During the 1920s, Russian artist Vassily Kandinsky was amongst the few still clinging to a spiritual vision of art. All around him, the fascination was with primitivism, science, psychology, and populist ideals. Kandinsky, however, was neither a cubist nor a constructivist, though he ran along-side both with his colorful abstract paintings.

Today, spiritualism in the arts stands at the door of the blue-chip galleries and declares their liberal pretensions obsolete.

The Chilean-born, Brooklyn-based Tomas Ives is not the leader of this outsider movement (who knows who that might be?), but his work flirts with many of the mediums where spiritualism, anarchy, and conspiracy have flourished: street art, comics, t-shirts and posters.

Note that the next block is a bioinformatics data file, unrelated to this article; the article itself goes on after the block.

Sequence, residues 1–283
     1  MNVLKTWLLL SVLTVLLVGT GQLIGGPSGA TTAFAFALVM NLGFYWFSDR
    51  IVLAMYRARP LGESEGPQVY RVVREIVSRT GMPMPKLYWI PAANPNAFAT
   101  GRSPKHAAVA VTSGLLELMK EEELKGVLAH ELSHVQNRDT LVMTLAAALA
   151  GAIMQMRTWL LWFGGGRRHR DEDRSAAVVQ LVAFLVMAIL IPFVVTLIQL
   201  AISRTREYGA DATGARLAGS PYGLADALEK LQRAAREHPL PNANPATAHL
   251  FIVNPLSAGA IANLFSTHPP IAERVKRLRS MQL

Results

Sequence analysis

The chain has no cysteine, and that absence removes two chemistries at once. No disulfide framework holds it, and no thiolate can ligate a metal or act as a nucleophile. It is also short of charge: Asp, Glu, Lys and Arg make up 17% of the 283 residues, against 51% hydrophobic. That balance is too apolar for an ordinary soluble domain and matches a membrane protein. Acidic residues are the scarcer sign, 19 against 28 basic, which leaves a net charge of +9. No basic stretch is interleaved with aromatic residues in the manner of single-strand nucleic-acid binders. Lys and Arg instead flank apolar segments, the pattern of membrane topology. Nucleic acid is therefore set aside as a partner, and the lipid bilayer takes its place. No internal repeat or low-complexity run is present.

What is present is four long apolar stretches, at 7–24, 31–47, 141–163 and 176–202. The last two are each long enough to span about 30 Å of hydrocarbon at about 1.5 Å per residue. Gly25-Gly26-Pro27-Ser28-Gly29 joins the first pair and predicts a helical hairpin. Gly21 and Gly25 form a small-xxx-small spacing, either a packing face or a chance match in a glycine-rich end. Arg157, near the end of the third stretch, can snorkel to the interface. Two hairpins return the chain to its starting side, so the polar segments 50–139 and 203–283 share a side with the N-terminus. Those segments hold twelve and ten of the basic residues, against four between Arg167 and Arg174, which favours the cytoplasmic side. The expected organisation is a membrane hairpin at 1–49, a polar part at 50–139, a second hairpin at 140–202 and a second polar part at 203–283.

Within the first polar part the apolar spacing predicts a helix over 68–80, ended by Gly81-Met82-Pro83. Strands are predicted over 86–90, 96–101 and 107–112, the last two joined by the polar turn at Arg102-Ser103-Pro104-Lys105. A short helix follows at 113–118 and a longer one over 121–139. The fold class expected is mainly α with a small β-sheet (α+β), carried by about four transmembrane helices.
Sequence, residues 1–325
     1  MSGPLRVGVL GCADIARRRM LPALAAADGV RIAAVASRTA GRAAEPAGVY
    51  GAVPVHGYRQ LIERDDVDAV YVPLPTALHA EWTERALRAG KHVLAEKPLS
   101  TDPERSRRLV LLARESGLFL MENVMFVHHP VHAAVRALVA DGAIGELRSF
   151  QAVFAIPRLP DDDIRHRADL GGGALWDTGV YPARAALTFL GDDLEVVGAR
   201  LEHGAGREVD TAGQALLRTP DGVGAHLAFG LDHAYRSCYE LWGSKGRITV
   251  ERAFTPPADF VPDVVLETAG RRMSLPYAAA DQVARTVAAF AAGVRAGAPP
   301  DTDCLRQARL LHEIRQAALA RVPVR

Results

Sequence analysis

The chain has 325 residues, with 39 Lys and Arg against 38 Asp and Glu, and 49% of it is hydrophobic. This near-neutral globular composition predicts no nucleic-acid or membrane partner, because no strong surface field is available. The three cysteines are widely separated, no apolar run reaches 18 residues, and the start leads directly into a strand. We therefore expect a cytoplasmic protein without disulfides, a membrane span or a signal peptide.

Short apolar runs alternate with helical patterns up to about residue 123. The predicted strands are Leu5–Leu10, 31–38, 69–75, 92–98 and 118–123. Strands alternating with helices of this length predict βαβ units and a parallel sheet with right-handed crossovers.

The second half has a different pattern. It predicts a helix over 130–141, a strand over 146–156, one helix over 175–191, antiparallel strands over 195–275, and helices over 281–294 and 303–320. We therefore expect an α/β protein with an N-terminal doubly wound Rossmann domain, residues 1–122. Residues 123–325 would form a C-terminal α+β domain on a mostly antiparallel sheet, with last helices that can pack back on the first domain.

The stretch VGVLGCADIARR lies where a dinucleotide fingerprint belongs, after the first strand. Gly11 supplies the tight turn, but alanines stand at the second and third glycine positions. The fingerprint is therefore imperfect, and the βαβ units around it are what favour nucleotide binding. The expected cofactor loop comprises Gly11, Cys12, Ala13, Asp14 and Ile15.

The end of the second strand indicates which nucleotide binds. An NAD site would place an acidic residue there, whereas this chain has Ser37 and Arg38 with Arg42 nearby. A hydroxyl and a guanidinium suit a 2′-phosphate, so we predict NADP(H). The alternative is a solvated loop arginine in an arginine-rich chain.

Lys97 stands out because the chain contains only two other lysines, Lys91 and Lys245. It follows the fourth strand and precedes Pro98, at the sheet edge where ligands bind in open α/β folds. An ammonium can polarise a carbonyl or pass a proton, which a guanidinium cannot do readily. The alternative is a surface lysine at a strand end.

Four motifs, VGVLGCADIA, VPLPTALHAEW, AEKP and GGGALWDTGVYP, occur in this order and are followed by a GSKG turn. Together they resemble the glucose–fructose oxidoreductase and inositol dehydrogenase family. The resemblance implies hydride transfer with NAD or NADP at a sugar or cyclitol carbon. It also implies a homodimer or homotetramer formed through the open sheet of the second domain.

Ives recently erected a window-front installation at the Williamsburg alt-comix shop, Desert Island (540 Metropolitan Ave.), where a mix of low-brow fangoria, campy esoterica, and vibrant colors make the display something of a comic-geek version of Matisse’s cut-out murals.

Elsewhere, Ives makes videos, does graphic design for magazines and books, and creates screen-prints, all in the flat cubist-pop style of ’50s designer Jim Flora, albeit with influences as far-reaching as South American folk-art, Indonesian shadow puppets, and ’60s hot rod decals.

Alas, Ives’ ability to create works outside the realm of commissions brings to mind another recent exhibit: that of Andrea Dezso, whose late winter show at the Nancy Margolis Gallery abstracted her own 2D illustrative style to create something even more whimsical and free than the many fantasy books she’s etched in the past. In both Dezso and Ives, the elements of their visual concoctions are recognizable, even if the worlds feel foreign and new. (Brian Chidester)

Tomas Ives' new window display at the Desert Island Comic Shop in Williamsburg.

Tomas Ives’ new window display at the Desert Island Comic Shop in Williamsburg.